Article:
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Migraine With Aura Tied to Stroke Risk for Women


BALTIMORE --Women who have migraine with visual symptoms have a 50% greater risk of ischemic stroke than women without the headaches, researchers reported.

BALTIMORE, Aug. 9 -- Women who have migraine with visual symptoms have a 50% greater risk of ischemic stroke than women without the headaches, researchers reported.

Smoking, use of oral contraceptives, and onset of the headaches with aura a year before the stroke also increased the risk, Leah R. MacClellan, M.S.P.H., of the University of Maryland, and colleagues, reported in the Aug. 10 issue of Stroke: Journal of the American Heart Association.

On the other hand, the researchers found no association between stroke and migraine without aura.

And the chance that a young woman in the 15-to-44-age group with migraine and aura will have an ischemic stroke is low-one-to-two for every 10,000 women each year, said Steven J. Kittner, M.D., a study co-author and director of the Maryland Stroke Center here.

Clarifying the clinical features of the headache-stroke relationship may provide useful insights into the association, the researchers said. For example, the effects of migraine frequency, lifetime duration of migraine, and the time of migraine onset and stroke risk, and a possible anatomic predilection are unclear.

To assess these relationships, the researchers analyzed data from a population-based case-control study of young white and African-American women, the Stroke Prevention in Young Women Study (recruitment 1992 to 1996; 2001 to 2003).

Their study included 386 women, ages 15 to 49, with a first ischemic stroke. They were matched in a 1:2 ratio with 614 age- and ethnicity-matched controls with no history of stroke.

After answering a questionnaire, the women were classified as having no migraine, probable migraine without visual aura, or probable migraine with visual aura.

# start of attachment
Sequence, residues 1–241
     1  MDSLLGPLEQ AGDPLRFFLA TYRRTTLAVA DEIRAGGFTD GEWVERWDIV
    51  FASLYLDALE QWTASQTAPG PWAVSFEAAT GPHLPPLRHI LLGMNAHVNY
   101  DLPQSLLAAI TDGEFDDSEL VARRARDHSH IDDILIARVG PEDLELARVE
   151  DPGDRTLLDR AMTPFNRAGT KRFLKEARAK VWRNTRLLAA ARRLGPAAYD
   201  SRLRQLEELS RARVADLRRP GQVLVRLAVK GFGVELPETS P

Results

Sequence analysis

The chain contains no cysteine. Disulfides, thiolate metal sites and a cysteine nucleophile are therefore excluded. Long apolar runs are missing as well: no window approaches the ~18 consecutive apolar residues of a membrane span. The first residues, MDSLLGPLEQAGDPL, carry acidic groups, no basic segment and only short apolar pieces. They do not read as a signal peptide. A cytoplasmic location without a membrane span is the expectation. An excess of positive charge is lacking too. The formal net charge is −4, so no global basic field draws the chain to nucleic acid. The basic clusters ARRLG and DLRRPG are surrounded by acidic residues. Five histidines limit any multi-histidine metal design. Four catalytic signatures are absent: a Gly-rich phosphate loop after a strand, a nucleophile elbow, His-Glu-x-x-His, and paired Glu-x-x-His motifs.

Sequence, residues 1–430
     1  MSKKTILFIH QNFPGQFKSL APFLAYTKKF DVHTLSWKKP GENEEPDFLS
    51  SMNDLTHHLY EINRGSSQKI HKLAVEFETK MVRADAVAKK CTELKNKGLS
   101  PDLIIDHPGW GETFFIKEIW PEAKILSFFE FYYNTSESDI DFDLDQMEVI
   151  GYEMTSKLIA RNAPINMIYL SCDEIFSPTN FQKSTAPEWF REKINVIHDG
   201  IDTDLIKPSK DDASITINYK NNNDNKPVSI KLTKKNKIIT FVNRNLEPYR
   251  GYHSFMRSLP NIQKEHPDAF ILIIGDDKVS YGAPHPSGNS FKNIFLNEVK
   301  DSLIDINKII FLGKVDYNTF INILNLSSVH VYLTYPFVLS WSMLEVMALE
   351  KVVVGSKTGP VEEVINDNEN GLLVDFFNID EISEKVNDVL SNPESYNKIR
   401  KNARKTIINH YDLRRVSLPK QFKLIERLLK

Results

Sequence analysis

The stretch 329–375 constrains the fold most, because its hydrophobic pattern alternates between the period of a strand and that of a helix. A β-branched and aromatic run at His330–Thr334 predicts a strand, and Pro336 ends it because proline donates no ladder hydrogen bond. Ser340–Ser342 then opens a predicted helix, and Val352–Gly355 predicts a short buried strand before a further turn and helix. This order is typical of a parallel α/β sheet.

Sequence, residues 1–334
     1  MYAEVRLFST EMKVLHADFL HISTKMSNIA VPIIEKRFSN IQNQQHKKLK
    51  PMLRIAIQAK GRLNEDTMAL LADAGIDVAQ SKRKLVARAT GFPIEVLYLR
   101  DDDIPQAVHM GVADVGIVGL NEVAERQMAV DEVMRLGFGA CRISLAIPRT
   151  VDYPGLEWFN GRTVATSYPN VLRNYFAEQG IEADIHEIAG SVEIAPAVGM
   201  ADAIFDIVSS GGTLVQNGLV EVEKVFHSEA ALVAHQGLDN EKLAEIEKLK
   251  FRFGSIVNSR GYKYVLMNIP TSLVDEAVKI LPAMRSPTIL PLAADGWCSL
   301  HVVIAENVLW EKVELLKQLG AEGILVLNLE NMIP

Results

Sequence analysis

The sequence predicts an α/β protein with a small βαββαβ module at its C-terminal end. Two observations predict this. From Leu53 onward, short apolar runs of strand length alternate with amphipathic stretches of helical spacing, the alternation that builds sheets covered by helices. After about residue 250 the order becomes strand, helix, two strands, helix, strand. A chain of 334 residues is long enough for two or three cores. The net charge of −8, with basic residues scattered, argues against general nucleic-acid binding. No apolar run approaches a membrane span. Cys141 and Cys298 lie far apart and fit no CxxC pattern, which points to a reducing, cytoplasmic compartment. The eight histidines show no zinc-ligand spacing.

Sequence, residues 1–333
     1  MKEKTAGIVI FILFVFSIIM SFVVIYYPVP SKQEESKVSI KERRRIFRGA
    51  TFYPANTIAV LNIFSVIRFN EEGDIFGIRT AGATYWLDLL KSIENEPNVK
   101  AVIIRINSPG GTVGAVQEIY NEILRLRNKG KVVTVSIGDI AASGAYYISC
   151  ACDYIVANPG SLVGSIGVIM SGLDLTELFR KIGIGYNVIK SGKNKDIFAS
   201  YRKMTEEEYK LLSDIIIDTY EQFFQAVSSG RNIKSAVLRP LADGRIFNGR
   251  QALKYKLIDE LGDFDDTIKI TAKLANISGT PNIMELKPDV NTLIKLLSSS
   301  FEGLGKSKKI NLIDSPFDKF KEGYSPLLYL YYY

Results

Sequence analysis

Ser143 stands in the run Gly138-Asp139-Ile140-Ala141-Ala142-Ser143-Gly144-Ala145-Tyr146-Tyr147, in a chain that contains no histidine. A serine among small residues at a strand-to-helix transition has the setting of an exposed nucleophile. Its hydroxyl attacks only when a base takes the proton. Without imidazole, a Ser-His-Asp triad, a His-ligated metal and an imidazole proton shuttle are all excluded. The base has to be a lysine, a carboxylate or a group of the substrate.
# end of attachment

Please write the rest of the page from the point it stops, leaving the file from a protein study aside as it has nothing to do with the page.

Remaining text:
Women with migraine and aura had 1.5 greater odds of ischemic stroke (95% CI, 1.1-2.0). The risk was highest among those with no history of hypertension, diabetes, or myocardial infarction compared with nonmigraineurs, the researchers reported.

Compared with women with no migraine history, women with a migraine and aura history of 12 or more years had a 1.3-fold greater stroke risk.

For women who reported new migraine and aura starting within a year before their stroke or study enrollment, the adjusted odds ratio was 6.9 times higher (CI, 2.3 to 21.2).

Women with migraine and aura who smoked and were current users of oral contraceptives had seven times the stroke risk of women with migraines who neither smoked nor used oral contraceptives (OR 7.0, CI, 1.3 to 22.8).

With regard to the location of a migrainous infarct, the data showed no appreciable anatomic difference in risk of stroke between circulation in the anterior and posterior regions in relation to the migraine.

Also, they said patent foramen ovale has been implicated as a possible mechanism for the stroke risk because it is a risk factor for young-onset stroke and is associated with migraine prevalence.

However, in this study no evidence for the role of the defect was found because the data were insufficient, they said.

Study limitations included the self-reported migraine history, which lacked specific data on untreated duration of headache, or time and duration of aura symptoms, for example.

The proportion of migraineurs in this study was high compared with the prevalence in the general population, possibly because of misclassification of migraine status. Also, the researchers noted that they did not control for factors such as medication use, cholesterol, alcohol consumption, and physical activity.

Given the contributing risk factors, the researchers advised neurologists and physicians to encourage their patients with migraine and aura to minimize their stroke risk by not smoking and finding alternatives to estrogen-containing contraceptives.

The association indicates a high-risk population for which appropriate management strategies are warranted, they concluded.

This study was supported in part by the Office of Research and Development, Medical Research Service, the Research Enhancement Award Program in Stroke, the Geriatrics Research, Education, and Clinical Center, Department of Veterans Affairs; a cooperative agreement with the Cardiovascular Health Branch, Division of Adult and Community Health, Centers for Disease Control, the National Institute of Neurological Disorders and Stroke, the National Institutes of Health Office of Research on Women's Health; the National Institute on Aging Pepper Center Grant, the University of Maryland General Clinical Research Center Grant, General Clinical Research Centers Program, National Center for Research Resources, and the National Institutes of Health.

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